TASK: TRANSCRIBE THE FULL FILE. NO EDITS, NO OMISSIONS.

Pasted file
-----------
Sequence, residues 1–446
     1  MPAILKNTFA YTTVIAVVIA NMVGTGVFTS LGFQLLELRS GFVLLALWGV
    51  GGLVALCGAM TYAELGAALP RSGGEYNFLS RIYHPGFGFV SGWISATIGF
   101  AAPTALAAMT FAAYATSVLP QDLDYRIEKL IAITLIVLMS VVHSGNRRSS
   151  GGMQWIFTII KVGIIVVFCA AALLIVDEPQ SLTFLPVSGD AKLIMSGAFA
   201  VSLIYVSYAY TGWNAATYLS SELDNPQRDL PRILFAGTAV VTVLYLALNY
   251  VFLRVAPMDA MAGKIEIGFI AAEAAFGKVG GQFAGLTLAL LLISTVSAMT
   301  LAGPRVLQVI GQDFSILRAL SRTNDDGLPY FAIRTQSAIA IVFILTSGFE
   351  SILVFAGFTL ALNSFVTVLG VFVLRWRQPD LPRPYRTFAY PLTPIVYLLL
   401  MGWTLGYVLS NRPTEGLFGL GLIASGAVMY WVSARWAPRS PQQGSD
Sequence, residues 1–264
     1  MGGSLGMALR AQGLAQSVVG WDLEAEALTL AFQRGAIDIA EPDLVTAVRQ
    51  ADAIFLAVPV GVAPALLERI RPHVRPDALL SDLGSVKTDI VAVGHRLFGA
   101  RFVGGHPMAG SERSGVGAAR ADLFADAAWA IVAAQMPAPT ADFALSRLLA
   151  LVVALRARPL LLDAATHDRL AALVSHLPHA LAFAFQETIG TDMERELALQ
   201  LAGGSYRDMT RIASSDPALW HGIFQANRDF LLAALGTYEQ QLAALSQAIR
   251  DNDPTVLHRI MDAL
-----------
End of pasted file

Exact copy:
Sequence, residues 1–446
     1  MPAILKNTFA YTTVIAVVIA NMVGTGVFTS LGFQLLELRS GFVLLALWGV
    51  GGLVALCGAM TYAELGAALP RSGGEYNFLS RIYHPGFGFV SGWISATIGF
   101  AAPTALAAMT FAAYATSVLP QDLDYRIEKL IAITLIVLMS VVHSGNRRSS
   151  GGMQWIFTII KVGIIVVFCA AALLIVDEPQ SLTFLPVSGD AKLIMSGAFA
   201  VSLIYVSYAY TGWNAATYLS SELDNPQRDL PRILFAGTAV VTVLYLALNY
   251  VFLRVAPMDA MAGKIEIGFI AAEAAFGKVG GQFAGLTLAL LLISTVSAMT
   301  LAGPRVLQVI GQDFSILRAL SRTNDDGLPY FAIRTQSAIA IVFILTSGFE
   351  SILVFAGFTL ALNSFVTVLG VFVLRWRQPD LPRPYRTFAY PLTPIVYLLL
   401  MGWTLGYVLS NRPTEGLFGL GLIASGAVMY WVSARWAPRS PQQGSD
Sequence, residues 1–264
     1  MGGSLGMALR AQGLAQSVVG WDLEAEALTL AFQRGAIDIA EPDLVTAVRQ
    51  ADAIFLAVPV GVAPALLERI RPHVRPDALL SDLGSVKTDI VAVGHRLFGA
   101  RFVGGHPMAG SERSGVGAAR ADLFADAAWA IVAAQMPAPT ADFALSRLLA
   151  LVVALRARPL LLDAATHDRL AALVSHLPHA LAFAFQETIG TDMERELALQ
   201  LAGGSYRDMT RIASSDPALW HGIFQANRDF LLAALGTYEQ QLAALSQAIR
   251  DNDPTVLHRI MDAL